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London through the lens of a camera: Manal’s story

London through the lens of a camera: Manal’s story

Anna Marsden

 Migrant Voice -
 Migrant Voice - London through the lens of a camera: Manal’s story

“As an urban ethnographer and photographer my camera is the lens through which I see the city. The camera helps me pause and reflect. In a context of growing ultra-nationalism and populism in which racism, fear and othering are not only toxic and divisive but also dangerous, my commitment is to show that people do get on together, people can share the same place and have shared experiences, despite the apparent differences.”

This is how Manal, a Palestinian photographer who moved from Jerusalem to London more than ten years ago, sees her work.

“I come from a place where racial hierarchy is the norm and the law,” she continues. “It’s so beautiful to see the mixture of different backgrounds and cultures in London, and how enriching that can be! I want to celebrate this.”

Manal came to the UK with a studentship from the British Council to do a Masters degree in Human Rights at the London School of Economics and later continued her studies there with a PhD in Urban Sociology. She wanted to study at an institution that is multicultural but also wanted to explore new places and to experience life in a cosmopolitan city.

Manal has an interdisciplinary academic background (with a previous BA in Sociology and a Masters in Middle Eastern and European Studies from Israel) and a strong commitment to social and environmental justice.

Her work is focused on urban issues and the daily life of people in their spaces. Her PhD thesis, under the supervision of Professor Paul Gilroy, investigates "the Palestinian city in Israel" and looks into the relationship between space, power exclusionary-exclusive politics and (post)colonial governmentality.

In London she was a co-founder of “Focus E15”, a housing campaign that started in 2013 and soon gained national and international recognition. The campaigners were young single mothers all below 25 who were served with eviction notices by a housing association in Stratford, East London, and whom Newham Council wanted to re-house in cities such as Manchester, Birmingham and Hastings. The creative and vibrant campaign had a strong presence in the streets of Newham and was successful in that the mothers were re-housed in London.

Manal’s photography projects are based on her passions and look into processes such as gentrification, inequality, housing, play, and urban health.

Many projects are based in Hackney, where Manal lives, and document different aspects of social life in this area that is one of the most multi-ethnic in London. One of her ongoing projects is about a primary school – A School in Hackney – and is a portrait of the school’s families.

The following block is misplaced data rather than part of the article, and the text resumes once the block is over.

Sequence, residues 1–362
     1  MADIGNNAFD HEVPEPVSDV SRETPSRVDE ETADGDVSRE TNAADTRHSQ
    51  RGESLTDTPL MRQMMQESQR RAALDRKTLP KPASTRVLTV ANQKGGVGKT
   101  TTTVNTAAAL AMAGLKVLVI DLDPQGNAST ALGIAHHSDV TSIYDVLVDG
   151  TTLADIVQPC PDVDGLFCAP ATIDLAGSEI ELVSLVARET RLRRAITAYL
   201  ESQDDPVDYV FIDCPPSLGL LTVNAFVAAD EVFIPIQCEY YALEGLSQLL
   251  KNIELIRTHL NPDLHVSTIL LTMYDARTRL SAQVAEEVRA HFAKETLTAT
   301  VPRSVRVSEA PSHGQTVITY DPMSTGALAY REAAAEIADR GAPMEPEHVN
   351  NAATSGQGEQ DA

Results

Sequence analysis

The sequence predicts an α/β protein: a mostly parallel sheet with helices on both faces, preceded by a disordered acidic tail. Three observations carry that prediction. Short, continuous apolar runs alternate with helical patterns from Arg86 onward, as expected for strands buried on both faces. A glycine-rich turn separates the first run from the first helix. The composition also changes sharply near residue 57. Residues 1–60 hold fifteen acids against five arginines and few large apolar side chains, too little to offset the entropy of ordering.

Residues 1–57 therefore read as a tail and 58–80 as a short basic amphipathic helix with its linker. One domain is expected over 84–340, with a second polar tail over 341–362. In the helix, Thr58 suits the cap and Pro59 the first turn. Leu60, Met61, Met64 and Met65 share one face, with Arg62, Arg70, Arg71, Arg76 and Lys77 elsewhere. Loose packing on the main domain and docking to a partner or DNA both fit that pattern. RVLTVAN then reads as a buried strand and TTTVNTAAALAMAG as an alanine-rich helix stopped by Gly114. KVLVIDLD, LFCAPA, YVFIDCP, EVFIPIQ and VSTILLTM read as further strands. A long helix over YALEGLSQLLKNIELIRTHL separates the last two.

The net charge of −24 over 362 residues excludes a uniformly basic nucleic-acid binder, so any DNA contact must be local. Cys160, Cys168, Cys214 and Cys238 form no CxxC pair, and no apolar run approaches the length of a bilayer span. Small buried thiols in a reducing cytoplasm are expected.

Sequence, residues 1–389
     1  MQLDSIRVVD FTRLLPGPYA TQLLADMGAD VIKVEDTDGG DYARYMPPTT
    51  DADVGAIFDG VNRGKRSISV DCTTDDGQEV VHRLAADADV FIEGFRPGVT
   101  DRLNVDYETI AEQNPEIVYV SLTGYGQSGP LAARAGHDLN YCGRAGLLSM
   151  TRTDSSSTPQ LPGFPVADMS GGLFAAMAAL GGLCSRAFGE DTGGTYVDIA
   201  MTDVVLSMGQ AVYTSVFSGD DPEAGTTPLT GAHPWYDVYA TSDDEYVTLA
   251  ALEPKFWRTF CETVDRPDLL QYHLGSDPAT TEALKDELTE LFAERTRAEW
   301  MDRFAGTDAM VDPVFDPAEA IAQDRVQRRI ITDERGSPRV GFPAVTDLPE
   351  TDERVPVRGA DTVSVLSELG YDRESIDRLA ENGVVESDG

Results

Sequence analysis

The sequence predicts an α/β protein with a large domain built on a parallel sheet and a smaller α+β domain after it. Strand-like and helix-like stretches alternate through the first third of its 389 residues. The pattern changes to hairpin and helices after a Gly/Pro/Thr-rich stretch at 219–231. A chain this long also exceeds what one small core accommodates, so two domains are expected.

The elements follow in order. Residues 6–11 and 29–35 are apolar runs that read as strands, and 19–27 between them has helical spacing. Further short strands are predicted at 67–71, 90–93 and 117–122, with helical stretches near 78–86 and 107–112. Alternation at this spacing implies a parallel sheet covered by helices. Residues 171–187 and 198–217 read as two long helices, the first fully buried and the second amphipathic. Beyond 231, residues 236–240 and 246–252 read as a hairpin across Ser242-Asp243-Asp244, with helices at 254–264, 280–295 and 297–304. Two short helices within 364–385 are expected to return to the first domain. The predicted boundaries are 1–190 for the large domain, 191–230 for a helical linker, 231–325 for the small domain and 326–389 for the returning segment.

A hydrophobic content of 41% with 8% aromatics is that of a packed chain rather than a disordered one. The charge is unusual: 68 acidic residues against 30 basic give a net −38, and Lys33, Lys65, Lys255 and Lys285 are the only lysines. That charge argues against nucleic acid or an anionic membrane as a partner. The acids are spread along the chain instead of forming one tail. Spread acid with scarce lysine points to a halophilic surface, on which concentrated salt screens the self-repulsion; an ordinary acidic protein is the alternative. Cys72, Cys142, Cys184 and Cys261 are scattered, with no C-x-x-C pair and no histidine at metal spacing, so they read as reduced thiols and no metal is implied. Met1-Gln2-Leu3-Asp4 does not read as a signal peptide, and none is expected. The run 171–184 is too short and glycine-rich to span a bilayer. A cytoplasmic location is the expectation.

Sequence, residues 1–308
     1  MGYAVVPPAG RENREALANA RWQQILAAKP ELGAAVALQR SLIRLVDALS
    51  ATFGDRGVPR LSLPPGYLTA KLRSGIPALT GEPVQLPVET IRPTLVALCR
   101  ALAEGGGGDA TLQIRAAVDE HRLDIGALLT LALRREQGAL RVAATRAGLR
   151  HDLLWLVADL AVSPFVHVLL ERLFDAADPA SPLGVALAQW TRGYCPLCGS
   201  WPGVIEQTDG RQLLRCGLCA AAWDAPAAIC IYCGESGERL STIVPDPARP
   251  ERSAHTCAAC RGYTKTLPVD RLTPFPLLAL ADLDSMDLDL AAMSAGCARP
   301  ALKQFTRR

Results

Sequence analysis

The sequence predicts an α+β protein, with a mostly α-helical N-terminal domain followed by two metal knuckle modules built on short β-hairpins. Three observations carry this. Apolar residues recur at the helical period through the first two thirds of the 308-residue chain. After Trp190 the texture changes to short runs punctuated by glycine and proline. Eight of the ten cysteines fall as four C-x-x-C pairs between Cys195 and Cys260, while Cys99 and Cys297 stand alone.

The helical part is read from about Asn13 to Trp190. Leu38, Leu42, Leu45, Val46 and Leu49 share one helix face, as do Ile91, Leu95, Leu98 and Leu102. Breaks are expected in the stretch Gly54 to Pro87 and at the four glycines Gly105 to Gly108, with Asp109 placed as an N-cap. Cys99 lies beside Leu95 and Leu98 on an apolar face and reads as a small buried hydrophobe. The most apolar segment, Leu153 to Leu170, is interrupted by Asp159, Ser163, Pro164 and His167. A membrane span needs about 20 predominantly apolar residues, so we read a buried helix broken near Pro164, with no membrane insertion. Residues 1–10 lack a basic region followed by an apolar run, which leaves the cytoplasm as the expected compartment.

“Children, especially at a young age, are not corrupted by racism and class. They don’t see ‘apparent’ differences as something divisive,” explains Manal. “They just want to have fun, they want to play and form friendships, and don’t care whether your parents come from Africa, the Middle East, the Caribbean, Eastern Europe or Bedfordshire.

“We are all human beings and this is what we need to celebrate. I’m impressed and reassured by the culture of inclusivity that the school promotes. I’m so happy that my children go to a school that is multicultural and inclusive.”

Another project is based around the Hackney Playbus, a converted double-decker bus that is driven around the most deprived housing estates in Hackney offering a chance for the local community to come together and enjoy various activities. Taking her children to the Playbus sessions was the inspiration for Manal to start the project.

Manal’s photography projects also stress the importance of the environment and educating children to experience, know, and love nature.

“It’s important to remember that nature can and should be accessible in urban environments,” she says. “London is one of those cities which is generous with its accessible amazing parks, marshes, little woods, allotments. Simple Pleasures is a series of photographs that highlights the pleasure children can get from simply being out in nature with friends, playing, getting messy and muddy.

“In a world of social atomisation and hyper consumerism, it is important to make children have interest in the simplest things and allow them just to be kids and play. Nuture/Nurtured, a project about a forest school in a Hackney nursery, is another project that highlights the same themes.”  

Much of Manal’s work is published on her website, but this is in itself still a new project and more work from past and ongoing projects will be added to make it even richer.

 

TOP IMAGE: Manal